Health and Safety Obligations for Schools: Board of Trustees Charged Over Abbey Caves Death

Health and Safety / 23 May 2024
Health and Safety Obligations for Schools: Board of Trustees Charged Over Abbey Caves Death

WorkSafe has charged the Whangarei Boys High School (WBHS) Board of Trustees (Board) for health and safety failures relating to the death of a student, 15-year-old Karnin Petera, who was on a school trip a year ago.


On Tuesday 9 May 2023, 15 year 11 boys and two adults from WHBS took a school trip to the Abbey Caves as a part of a high school outdoor education class.  Due to heavy rain, the group got caught in a flash flood, resulting in Karnin being swept away in rising floodwaters.

In the aftermath of the tragedy, it was discovered that the trip went ahead despite:

  • The region being forecasted for heavy rain and thunderstorms on the day and Northland being under an “orange” rain warning.
  • The concerns of a parent who pulled his son out of the trip last minute, simultaneously contacting the school asking, “Are you still heading to Abbey Caves with the forecast for tomorrow?”.
  • Having a detailed risk assessment plan and standard operating procedures.

WorkSafe Charges

WorkSafe charged the Board, for failing to comply with sections 36(1)(a) and 36(2), and with an offence under sections 48(1) and 2(c) of the Health of Safety at Work Act 2015 (Act). In particular, WorkSafe alleges:

  • The Board had a responsibility to ensure, as far as reasonably possible, that the health and safety of others is not endangered by work activities.  This duty was not fulfilled during the outdoor education caving activity. This failure put other individuals, including Karnin Petera, at risk of death or serious injury.
  • The Board had a duty to ensure, so far as is reasonably practicable, the health and safety of workers who work for the PCBU while they were at work in the business or undertaking.  There was a failure to comply with this duty while undertaking the outdoor education caving activity, and that failure exposed workers to a risk of death or serious injury.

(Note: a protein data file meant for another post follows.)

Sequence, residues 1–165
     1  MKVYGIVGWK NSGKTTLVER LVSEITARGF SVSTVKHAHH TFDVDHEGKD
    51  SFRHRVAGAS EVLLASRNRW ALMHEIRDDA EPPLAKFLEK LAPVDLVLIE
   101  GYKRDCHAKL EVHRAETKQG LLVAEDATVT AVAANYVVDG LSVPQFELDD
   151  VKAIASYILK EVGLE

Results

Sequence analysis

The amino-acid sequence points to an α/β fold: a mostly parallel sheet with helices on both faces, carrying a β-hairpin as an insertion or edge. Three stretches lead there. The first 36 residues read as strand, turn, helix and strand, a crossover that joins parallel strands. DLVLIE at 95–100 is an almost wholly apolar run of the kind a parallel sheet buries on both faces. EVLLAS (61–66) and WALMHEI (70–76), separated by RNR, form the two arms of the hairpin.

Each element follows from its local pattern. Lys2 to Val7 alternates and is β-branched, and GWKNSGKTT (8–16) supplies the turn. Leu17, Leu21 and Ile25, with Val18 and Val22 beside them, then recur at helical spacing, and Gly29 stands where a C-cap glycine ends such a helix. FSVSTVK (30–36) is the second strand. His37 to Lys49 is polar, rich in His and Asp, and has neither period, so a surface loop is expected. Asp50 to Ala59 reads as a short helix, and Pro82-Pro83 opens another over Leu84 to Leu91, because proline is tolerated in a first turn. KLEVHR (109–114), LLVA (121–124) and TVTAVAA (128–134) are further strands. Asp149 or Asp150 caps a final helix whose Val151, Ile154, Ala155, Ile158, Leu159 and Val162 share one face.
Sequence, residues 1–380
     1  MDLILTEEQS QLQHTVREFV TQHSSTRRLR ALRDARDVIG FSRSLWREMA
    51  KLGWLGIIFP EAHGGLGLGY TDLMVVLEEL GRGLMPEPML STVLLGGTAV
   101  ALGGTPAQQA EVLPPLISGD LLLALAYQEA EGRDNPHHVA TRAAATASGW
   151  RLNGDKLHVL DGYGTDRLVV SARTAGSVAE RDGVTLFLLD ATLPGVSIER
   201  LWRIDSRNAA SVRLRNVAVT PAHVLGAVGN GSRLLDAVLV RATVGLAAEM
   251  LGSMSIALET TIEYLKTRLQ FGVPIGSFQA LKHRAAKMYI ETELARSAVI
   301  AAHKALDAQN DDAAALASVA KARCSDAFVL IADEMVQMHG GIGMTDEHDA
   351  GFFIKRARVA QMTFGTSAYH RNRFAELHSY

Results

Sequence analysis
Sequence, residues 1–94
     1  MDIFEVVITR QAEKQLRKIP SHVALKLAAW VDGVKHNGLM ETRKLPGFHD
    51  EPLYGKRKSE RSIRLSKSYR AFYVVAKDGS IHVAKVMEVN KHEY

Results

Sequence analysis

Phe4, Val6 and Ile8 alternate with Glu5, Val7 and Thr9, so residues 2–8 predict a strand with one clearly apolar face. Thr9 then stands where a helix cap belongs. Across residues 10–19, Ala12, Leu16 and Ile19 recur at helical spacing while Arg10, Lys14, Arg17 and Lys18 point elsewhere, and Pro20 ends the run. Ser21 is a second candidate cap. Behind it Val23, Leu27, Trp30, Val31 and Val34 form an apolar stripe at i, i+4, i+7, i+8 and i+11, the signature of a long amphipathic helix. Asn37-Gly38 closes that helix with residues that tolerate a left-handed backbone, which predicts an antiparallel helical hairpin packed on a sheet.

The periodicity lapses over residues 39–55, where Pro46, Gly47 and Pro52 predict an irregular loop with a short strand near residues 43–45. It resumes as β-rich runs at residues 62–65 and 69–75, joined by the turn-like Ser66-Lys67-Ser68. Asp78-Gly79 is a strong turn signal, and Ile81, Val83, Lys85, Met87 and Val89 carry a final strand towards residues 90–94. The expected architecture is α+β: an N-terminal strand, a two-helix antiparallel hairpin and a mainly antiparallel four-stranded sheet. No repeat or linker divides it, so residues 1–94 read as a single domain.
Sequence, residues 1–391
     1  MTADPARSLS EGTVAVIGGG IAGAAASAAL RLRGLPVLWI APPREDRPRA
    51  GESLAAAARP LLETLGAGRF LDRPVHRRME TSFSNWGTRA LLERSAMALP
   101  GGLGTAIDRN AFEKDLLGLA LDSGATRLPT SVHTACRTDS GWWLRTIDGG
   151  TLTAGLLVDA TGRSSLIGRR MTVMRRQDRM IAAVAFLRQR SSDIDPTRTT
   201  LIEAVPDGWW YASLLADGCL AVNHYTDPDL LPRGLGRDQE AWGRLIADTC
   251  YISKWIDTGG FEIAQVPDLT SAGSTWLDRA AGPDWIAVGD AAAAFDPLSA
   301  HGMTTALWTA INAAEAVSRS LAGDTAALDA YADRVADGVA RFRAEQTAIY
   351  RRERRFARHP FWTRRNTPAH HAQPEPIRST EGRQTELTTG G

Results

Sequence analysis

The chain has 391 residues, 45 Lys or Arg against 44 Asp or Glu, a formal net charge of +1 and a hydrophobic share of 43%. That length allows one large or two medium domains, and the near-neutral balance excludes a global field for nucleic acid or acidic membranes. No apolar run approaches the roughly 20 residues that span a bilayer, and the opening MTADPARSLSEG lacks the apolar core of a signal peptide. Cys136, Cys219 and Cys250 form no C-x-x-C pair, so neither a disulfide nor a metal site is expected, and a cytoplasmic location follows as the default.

A conviction for the Board carries a maximum fine of $1,500,000.

Message for Boards of Trustees and Directors

These charges, along with previous charges against two other School Boards and a rise in officer prosecutions send a strong message that Boards have health and safety obligations and they must ensure the workplaces they govern are safe.


At Copeland Ashcroft, many of us sit on and advise various Boards.  We recognize the important role that volunteer and other Boards play, and the challenges in keeping up with legal responsibilities in tricky areas like health and safety.

To help with this, we’re offering a fixed price one hour training session for Boards (to be delivered virtually or in person at a meeting) covering:

  • Officers’ duties and due diligence obligations.
  • Practical best practice tips for achieving these.
  • Short takeaway guide as reference tool.

To take advantage of this offer, available until 30 June 2024, contact:

We can also assist by providing your Board with:

  • Support and governance advice.
  • Regular case law updates.
  • In house training.
  • Health and safety GAPs analysis.
  • Fixed price policies.

Disclaimer: We remind you that while this article provides commentary on employment law, health and safety and immigration topics, it should not be used as a substitute for legal or professional advice for specific situations. Please seek legal advice from your lawyer for any questions specific to your workplace.


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